It isn’t uncommon to hear that Google has made a mistake. It is, however, rare to discover that buried deep within Google’s best practices documentation (for mobile), a potentially explosive burden lies dormant. One that can negatively affect page load speed, bounce rates, and potentially rankings.
This issue is applicable to any site using a Content Delivery Network (CDN) like Akamai, and also serving special HTML or CSS for mobile depending on the user-agent of the device requesting the page. When a site serves special content on the same desktop URL, Google says it:
“...strongly recommends that your server also send the Vary (User-Agent) HTTP header on URLs that serve automatic redirects. This helps with ISP (Internet Service Provider) caching and is another signal for Googlebot and our algorithms to discover and understand your website's configuration.”
The problem is Google didn’t take into consideration is the role of the CDN in the equation. Most websites depend on a CDN because they can serve content faster by having cached copies of a website on high-performance servers across the country (or world).
As it turns out, implementing the Vary User-Agent HTTP header effectively turns off the caching of pages. This means a CDN would be worthless and a surplus of requests would begin hitting a site owner’s server(s).
Unplanned stress on servers can lead to slower page load speeds, poor user behavior metrics, and could even affect rankings.
While Google is to blame for not taking this into consideration in its recommendation or taking action from the feedback they’ve been given, it isn't entirely Google’s fault. There are a couple of tough factors at play here.
- The user-agent string mess. There are so many user-agents that asking a CDN to store a special version of a page for each user-agent might be too much of a burden. The question should be asked: couldn’t they limit storing copies of pages for only the user-agents that matter? Seems like functionality that needs to be built on the CDN side of things.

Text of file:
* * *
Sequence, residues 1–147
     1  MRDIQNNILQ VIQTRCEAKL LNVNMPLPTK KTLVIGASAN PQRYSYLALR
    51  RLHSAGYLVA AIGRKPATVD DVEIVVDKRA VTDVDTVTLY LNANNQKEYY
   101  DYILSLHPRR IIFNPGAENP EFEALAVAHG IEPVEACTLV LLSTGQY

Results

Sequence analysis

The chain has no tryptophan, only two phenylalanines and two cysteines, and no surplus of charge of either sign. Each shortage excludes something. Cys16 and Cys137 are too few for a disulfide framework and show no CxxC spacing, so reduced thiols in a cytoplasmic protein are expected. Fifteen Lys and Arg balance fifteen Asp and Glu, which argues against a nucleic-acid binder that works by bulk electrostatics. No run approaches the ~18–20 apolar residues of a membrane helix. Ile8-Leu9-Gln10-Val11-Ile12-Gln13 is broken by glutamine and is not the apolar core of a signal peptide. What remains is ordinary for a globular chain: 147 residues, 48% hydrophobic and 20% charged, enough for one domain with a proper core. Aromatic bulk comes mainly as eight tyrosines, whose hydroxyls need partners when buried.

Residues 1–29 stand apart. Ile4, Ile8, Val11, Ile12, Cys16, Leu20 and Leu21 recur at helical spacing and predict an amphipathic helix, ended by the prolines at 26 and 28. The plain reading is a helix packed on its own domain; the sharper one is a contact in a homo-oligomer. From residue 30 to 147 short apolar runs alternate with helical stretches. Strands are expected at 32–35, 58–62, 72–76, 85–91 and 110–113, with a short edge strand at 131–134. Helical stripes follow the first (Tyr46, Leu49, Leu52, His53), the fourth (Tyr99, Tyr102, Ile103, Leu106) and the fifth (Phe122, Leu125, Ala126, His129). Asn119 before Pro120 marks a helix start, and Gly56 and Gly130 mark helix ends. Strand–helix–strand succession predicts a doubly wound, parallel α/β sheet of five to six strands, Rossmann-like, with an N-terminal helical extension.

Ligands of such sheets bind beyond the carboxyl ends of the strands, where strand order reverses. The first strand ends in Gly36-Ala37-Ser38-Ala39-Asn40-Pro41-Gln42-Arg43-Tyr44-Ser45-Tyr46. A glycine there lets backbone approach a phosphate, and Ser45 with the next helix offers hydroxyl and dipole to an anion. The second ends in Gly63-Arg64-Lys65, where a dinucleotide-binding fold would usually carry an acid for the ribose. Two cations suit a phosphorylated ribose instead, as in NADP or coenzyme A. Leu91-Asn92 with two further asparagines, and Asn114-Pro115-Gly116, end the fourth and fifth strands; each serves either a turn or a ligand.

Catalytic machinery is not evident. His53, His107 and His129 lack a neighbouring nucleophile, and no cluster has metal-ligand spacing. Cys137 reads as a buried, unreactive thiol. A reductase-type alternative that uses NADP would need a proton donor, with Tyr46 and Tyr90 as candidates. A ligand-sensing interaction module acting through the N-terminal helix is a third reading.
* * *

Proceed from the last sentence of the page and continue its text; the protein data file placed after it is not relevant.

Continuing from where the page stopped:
- If there were multiple copies of each page stored, it could result in the wrong version of a page getting sent to a user, according to Akamai. This includes sending a page in the wrong language, which is a risk Akamai’s apparently not willing to take. Yet again, seems like lack of functionality a CDN should take care of.
While these two issues make sense, it does seem that a solution could be reached if the right people were working together on both sides.
This entire problem might be another indication of mobile growing pains. Google wants another signal to indicate when it should try to find mobile content and CDNs don’t want the extra burden of caching additional copies of content.
If you’re dynamically serving different HTML on the same URL based on user-agent, ask your CDN how it handles the Vary: User-Agent HTTP Header. Most likely the CDN says it doesn’t handle it at all and this issue can be prevented. Perhaps you can pioneer the fix!
Meanwhile, if Google’s already crawling your content with Googlebot-Mobile, it’s already aware of your configuration. See if Google is crawling your mobile content by checking log files for Googlebot-Mobile. It can be found within a user-agent string like the one below:
Mozilla/5.0 (iPhone; U; CPU iPhone OS 4_1 like Mac OS X; en-us) AppleWebKit/532.9 (KHTML, like Gecko) Version/4.0.5 Mobile/8B117 Safari/6531.22.7 (compatible; Googlebot-Mobile/2.1; +http://www.google.com/bot.html)
ClickZ Live San Francisco (Aug 11-14) will bring together the industry's leading online marketing practitioners to deliver 4 days of educational sessions and training workshops. From Data-Driven Marketing to Social, Mobile, Display, Search and Email, the comprehensive agenda will help you maximize your marketing efforts and ROI. Register today!